Opening Night with the Escher Quartet: Photo credit: James Ireland
With so many out-of-town music festivals currently under way across Southern Ontario, it’s reassuring that one doesn’t have to leave town for a July musical respite. The Toronto Summer Music Festival opened last night with a concert by the Escher Quartet at Koerner Hall. For the next three weeks, one will be able to find instrumental and vocal music including art song, chamber music, big band, gospel music and the National Youth Orchestra. Artistic Director Jonathan Crow has put together an eclectic array of pre-eminent artists from around the world and across Canada. The festival’s theme, Reflections of Wartime celebrates the 100th anniversary of the end of the First World War with music that emerged from some of the darkest times of the past century. Ticketed events, pay-what -you-can, and free concerts will take place at mid-town venues such as UoT’s Walter Hall, Heliconian Hall, Church of the Redeemer and Koerner Hall.
One can easily forgive the quartet for deviating from the festival’s theme in its opening program. The originally scheduled Borodin Quartet cancelled at the last moment. No one could have been disappointed with the replacement. The program of Schumann, Shostakovich and Tchaikovsky was a triumph of musical energy.
The program began with Schumann’s String Quartet in A Minor, Op. 41, No.1. Perhaps it’s not too great a stretch to say (in keeping with the war theme) that the music emanated from the composer's own personal battles with depression, Nevertheless, following the introspective counterpoint of the opening, the clouds of his personal war seemed to lift. The sweetness of the ending of the first movement, the galloping energy of the Scherzo and the electrifying finale signalled at least a pause in his struggles that would eventually be his undoing.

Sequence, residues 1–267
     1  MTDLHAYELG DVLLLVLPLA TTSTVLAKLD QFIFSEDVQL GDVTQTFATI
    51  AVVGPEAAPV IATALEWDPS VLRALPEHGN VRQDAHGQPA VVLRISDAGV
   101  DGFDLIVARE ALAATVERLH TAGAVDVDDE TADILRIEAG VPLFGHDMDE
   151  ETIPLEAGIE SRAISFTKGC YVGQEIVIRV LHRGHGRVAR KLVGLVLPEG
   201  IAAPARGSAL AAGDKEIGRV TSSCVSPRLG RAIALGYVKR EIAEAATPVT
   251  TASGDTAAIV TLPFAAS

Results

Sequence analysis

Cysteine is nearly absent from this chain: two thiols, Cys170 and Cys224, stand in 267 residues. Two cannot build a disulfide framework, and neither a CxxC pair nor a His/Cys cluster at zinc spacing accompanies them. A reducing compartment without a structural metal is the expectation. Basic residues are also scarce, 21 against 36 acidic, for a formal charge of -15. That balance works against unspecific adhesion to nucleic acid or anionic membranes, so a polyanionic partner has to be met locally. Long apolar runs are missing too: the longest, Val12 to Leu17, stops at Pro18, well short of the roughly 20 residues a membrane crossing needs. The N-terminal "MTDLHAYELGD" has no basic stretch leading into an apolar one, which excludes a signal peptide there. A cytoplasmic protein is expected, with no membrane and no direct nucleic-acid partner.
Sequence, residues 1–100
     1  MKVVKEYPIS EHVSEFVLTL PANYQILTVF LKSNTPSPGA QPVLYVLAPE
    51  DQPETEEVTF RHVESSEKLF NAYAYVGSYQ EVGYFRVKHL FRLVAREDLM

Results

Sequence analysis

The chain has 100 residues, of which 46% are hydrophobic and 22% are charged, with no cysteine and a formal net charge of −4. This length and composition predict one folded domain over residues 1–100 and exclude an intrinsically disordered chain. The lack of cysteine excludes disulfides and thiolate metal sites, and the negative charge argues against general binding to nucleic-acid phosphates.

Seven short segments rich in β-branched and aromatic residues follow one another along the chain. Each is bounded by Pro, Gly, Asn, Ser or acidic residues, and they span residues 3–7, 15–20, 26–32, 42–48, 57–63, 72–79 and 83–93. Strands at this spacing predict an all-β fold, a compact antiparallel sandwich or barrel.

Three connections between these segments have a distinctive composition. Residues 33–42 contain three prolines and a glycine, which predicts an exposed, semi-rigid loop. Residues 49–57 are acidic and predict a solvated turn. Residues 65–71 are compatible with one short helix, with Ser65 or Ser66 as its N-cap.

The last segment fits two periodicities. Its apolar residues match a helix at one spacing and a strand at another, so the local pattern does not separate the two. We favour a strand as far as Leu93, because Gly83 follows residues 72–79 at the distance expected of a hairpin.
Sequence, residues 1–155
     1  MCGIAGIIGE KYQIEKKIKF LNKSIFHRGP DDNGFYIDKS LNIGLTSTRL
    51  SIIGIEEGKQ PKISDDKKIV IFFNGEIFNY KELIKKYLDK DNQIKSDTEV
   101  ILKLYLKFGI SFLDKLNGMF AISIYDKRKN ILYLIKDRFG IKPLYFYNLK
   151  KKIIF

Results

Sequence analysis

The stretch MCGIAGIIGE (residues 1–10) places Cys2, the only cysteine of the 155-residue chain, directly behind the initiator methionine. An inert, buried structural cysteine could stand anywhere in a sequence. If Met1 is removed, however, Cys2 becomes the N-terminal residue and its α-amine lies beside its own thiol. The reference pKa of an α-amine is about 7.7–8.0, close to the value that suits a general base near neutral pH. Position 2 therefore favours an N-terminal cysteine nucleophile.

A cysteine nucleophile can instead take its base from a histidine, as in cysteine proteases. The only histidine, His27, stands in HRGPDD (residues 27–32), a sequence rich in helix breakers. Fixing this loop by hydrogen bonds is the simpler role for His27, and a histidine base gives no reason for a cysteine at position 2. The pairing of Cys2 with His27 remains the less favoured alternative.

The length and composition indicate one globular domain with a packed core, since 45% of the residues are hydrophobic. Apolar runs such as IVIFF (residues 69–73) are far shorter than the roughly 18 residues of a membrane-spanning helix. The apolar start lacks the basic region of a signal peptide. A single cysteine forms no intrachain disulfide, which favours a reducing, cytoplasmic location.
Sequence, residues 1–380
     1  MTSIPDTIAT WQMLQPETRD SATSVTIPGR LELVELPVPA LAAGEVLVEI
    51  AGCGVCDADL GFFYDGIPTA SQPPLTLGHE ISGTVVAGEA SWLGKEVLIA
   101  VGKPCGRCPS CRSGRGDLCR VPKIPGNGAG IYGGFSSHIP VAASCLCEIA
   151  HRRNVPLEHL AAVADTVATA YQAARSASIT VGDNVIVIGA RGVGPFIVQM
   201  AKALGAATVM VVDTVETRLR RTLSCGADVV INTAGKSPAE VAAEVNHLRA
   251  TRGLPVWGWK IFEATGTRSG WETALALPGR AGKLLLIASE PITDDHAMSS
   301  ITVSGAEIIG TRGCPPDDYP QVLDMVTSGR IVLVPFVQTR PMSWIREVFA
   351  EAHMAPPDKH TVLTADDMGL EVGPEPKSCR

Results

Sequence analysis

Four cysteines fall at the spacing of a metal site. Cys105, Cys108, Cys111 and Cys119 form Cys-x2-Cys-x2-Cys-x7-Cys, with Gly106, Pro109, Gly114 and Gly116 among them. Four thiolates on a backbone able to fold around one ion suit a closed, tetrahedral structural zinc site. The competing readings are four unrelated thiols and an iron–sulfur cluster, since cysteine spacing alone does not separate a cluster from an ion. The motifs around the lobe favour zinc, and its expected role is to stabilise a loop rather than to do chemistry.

The Escher Quartet’s balanced sonority, energy and precise playing made for a musically satisfying evening. Named after Morits Cornelis Escher, the world-famous twentieth century graphic artist, the quartet embodied the symmetry, passion and energy of the visual artist whose name they borrowed. Each member of the quartet (Adam Barnett, violin; Danbi Um, violin; Pierre Lapointe, viola; and Brook Speltz, cello) is an equal member of this ensemble in sonority and virtuosity. Fourteen years of playing together have served to give their music the sensitivity of a single instrument and the power suggestive of a symphony orchestra.
The energy of the playing only increased with the subsequent String Quartet No. 9 in E flat major, Op. 117 by Dmitri Shostakovich. The playing was of the highest order. The Escher Quartet was brilliant in this most challenging work with its jarring pizzicatos, atonal melodies, sumptuous chords, cadenzas and especially the driving rhythm of the work's frenetic, fugal conclusion.
Following intermission, Tchaikovsky’s String Quartet No. 1 in D Major, Op. 11 concluded the program. The tunefulness and emotionally layered textures built to its joyful conclusion. It was enough to send this enthusiastic audience home in very fine spirits. The encore did more of the same. The very familiar theme of the second movement of Borodin’s String Quartet No. 2 could no doubt be heard all along Bloor Street as the audience left the hall.
Tonight, July 13th 2018 at 7:30pm in Walter Hall, the Toronto Summer Music Festival continues. Artistic Director Jonathan Crow joins pianist Luka Geniušas and members of the Escher Quartet in a program of Rachmaninoff, Prokofiev and Shostakovich entitled Mother Russia. For more information about TSMF, click here.
Toronto Summer Music Festival: A musical oasis from the city’s summer noise!
Review by David Richards
Toronto ON July 13th 2018
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